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The Viral Fever's New Web Series Is About India's Frenzied Start-Up Scene

The Viral Fever

It has been two months since the teaser of ‘Pitchers’, a new web-series created by The Viral Fever, was uploaded on their official YouTube channel. If you check the comments on the video, the comparisons to American TV shows have been quite a few. While some have said that the teaser reminds them of ‘It’s Always Sunny In Philadelphia’, most others have concluded via its subject matter — a look at India’s burgeoning start-up scene through the eyes of four budding entrepreneurs — that this is a desi take on ‘Silicon Valley’.

“We’ve been reading all these comments but haven’t said a word yet,” says Arunabh Kumar, 32, founder and CEO of The Viral Fever, in a phone conversation. “When people watch the show, they will realise that it’s quite different.”

‘Silicon Valley’ is a satire, he explains, while ‘Pitchers’ is a drama, of which only “maybe 20-30% is humour”. “We haven’t yet documented these emotions properly in India, so let’s do that first before we go for satire,” he says, with a laugh. On Thursday, Biswapati Sarkar — the show’s writer — also wrote a detailed Quora post explaining how the two are different animals.

‘Pitchers’ will be available on YouTube on June 10, but loyalists can watch it on TVF’s new website,, where the first episode was uploaded on Thursday. The website does not charge a subscription fee, but requires users to sign up and log on. "We wanted to create a community where our fans can watch not only our content, but also content that we at TVF like and endorse," he says.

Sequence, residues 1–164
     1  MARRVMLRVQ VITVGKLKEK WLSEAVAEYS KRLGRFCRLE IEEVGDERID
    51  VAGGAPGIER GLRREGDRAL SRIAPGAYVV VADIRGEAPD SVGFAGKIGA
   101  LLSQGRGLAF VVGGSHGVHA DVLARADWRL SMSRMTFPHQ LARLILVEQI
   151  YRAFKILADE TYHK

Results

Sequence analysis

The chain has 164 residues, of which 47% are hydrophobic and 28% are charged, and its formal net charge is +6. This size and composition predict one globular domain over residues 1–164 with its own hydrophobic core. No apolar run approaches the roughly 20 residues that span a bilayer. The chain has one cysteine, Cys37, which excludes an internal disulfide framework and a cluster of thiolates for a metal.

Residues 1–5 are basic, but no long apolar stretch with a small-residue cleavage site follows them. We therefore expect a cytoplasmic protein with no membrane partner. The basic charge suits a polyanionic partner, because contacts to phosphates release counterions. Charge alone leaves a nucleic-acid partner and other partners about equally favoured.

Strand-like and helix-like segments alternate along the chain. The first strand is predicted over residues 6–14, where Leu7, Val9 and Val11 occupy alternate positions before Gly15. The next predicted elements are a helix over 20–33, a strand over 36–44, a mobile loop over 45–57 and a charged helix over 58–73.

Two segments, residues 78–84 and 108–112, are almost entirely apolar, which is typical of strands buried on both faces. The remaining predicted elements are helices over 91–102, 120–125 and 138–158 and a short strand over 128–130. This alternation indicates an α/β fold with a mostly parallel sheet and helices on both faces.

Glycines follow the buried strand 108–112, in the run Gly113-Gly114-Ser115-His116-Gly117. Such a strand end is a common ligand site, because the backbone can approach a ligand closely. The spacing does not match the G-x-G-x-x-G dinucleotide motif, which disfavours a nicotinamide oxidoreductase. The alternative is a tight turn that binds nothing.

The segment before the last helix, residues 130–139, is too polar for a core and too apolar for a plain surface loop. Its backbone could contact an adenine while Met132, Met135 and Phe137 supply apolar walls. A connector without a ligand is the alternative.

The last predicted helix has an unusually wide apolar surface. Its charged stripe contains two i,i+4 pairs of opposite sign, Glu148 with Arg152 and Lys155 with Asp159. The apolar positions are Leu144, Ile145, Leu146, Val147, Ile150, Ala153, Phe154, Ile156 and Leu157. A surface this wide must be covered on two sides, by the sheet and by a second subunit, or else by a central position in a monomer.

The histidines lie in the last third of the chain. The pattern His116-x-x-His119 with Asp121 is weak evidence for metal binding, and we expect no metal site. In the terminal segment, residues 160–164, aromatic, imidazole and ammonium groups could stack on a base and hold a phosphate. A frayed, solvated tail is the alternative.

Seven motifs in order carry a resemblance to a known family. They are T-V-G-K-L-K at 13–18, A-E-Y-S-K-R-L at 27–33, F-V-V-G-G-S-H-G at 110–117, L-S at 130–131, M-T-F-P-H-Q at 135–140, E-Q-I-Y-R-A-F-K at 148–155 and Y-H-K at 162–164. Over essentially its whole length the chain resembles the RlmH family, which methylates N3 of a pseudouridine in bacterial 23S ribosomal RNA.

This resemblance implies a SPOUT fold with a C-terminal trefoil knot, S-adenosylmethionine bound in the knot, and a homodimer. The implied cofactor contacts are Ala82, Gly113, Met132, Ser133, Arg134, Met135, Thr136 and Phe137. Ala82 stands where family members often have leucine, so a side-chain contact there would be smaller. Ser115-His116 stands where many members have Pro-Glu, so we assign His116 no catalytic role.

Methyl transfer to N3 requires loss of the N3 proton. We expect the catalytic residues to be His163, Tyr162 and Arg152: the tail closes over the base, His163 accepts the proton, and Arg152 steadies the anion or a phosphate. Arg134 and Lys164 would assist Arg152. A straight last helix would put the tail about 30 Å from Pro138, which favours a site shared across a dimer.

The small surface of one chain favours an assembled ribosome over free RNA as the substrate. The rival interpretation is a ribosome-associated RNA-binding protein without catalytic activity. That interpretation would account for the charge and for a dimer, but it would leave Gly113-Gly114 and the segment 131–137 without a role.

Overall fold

Arunabh Kumar, 32, founder and CEO of The Viral Fever

The Viral Fever, which has been around since 2010, is one of the largest online content creators in the country. ‘Pitchers’ is the second web-series created by them after the well-received ‘Permanent Roommates’, which debuted in October 2014. One season and nine million views later, the latter is now — globally — the second-most-watched web-series (after ‘Video Game High School') on YouTube.

Clearly, there is an audience out there that will watch web-based content, as TVF — which has more than one million subscribers on YouTube — has proven consistently over the past five years. The idea for ‘Pitchers’ first came to Kumar in mid-2012, while brainstorming with his team about what kind of long-form content they could create. Having visited Bangalore twice in previous years, where he’d observed twenty-somethings sitting at pubs and bars in the afternoon and discuss business ideas over multiple pitchers of beer, the concept of making a web-series that took an irreverent look at the world of would-be entrepreneurs intrigued him.

“I would see people’s start-up dreams soar when they would start drinking their first mug of beer and die by the time the last pitcher was finished,” he said. “There is so much drama in the whole process. I mean, even the prospect of quitting a day job that pays you Rs 1-2 lakh a month to go out on your own… there are so many emotions that one goes through.”

The 'Pitchers' team at a pre-production meeting in April